There’s a time that comes along for a writer, a time that brings excitement and validation that we’re doing well. In the past, this comes with a visit to the mailbox. In the realm of e-books, this can come from checking e-mail or the books themselves.
That time is payday.
I’ve been fortunate enough to have payday come from “Dreams of Freedom,” thanks to its place in Dreams of Steam II: Brass and Bolts. Of course, my biggest payday came just a few days ago, since my royalties from Vitamin F started coming in.
There’s a few things to keep in mind when dealing with a payday that comes from writing, regardless of length.
- How often you get paid is going to vary. It might be a one-time payment, a monthly payment, or something else entirely. For my steampunk works, I have different listed payment schedules, so it’s always worthwhile to look over those contracts.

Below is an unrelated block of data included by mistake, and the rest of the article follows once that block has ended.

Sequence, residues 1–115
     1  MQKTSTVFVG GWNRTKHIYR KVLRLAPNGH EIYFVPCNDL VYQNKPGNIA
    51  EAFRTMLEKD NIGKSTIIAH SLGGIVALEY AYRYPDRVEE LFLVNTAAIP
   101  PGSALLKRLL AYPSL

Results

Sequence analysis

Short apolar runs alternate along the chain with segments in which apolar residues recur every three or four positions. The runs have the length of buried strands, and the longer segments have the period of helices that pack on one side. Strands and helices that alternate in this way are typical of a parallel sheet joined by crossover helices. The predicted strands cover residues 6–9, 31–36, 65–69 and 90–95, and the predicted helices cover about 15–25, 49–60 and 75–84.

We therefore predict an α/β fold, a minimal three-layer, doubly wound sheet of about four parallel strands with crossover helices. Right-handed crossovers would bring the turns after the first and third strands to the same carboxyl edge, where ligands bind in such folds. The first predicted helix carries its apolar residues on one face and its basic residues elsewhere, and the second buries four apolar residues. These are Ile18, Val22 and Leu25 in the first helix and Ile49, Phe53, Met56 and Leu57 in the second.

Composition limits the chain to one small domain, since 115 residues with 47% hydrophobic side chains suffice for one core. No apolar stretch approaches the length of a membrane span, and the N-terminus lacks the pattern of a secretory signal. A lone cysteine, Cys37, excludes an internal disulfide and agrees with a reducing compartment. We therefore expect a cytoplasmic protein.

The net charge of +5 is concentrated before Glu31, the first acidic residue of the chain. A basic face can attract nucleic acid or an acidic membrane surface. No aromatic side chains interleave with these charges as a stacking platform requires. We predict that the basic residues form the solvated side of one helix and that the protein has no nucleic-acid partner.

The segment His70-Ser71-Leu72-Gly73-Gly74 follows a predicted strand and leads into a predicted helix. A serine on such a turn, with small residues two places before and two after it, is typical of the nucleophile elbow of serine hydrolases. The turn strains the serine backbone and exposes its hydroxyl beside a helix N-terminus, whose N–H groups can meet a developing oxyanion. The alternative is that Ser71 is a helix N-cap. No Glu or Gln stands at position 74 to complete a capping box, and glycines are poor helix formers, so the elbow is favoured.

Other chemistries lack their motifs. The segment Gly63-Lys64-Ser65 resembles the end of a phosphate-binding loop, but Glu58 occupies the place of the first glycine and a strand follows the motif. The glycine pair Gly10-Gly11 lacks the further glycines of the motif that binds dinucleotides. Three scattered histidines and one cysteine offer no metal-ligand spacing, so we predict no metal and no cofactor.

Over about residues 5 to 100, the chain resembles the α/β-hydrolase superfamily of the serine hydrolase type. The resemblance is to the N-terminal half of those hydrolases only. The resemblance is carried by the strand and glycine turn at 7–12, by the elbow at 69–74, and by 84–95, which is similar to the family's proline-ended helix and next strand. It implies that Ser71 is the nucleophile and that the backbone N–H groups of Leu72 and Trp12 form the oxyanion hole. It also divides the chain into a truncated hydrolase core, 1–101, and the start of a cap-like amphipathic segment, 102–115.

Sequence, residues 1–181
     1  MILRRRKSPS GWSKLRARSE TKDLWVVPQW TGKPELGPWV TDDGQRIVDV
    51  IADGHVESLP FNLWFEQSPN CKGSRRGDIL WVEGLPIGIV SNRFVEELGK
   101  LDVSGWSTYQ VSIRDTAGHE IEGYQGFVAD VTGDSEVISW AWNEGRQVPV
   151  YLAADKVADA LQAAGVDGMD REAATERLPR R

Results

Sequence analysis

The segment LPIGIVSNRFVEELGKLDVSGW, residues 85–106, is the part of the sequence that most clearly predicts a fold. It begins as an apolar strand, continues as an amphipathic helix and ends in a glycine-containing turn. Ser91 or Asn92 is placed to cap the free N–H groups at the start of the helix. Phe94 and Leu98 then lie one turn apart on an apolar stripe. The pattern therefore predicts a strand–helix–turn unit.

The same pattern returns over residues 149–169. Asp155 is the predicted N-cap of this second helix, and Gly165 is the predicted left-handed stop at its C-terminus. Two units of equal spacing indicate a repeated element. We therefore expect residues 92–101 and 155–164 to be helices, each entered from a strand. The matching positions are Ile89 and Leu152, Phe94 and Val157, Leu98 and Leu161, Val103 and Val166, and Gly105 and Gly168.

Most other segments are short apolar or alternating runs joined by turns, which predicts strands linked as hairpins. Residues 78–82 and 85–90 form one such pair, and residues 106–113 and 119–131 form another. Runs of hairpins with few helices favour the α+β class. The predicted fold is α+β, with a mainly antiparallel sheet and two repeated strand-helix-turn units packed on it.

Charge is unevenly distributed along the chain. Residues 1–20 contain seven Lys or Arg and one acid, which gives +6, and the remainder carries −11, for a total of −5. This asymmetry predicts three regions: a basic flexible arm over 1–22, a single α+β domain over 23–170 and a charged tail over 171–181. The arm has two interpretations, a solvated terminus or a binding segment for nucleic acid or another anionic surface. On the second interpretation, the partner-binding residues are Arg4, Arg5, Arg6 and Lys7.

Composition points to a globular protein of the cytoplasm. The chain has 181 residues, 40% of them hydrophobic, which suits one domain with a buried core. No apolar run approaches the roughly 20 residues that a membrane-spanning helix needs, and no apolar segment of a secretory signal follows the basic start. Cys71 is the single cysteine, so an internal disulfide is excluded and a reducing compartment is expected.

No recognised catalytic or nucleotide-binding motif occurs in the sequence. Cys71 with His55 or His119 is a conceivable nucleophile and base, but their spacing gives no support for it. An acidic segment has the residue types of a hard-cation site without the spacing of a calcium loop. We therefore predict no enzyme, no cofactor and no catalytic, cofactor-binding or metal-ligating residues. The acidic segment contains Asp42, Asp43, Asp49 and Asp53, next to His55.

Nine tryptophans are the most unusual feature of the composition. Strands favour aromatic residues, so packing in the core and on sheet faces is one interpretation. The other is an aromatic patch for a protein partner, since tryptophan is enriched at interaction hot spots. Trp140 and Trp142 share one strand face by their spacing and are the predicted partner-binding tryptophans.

- What you’re paid is going to vary if it’s a royalty check coming in. If you’re looking at e-book royalties, you’re going to have to wait for a certain amount to accumulate ($10 per service for me).
- When you’re paid might shift around too. Again, if you’re waiting for a certain level to be reached in royalties, you might be waiting 6-12 months just to get a minimum level check.
- Don’t spend it all. Some of that money has to be paid to the government in the form of taxes. In the US, this is what Schedule F on your tax return is for. If you have another job where you would normally get a refund, this might cover your writing taxes, but don’t count on it.
I hope this helps you figure out what to expect when you get paid or help you cope with the oddities of money coming in for your writing. It’s not always a steady ship, but that’s ok–you’re getting paid to write!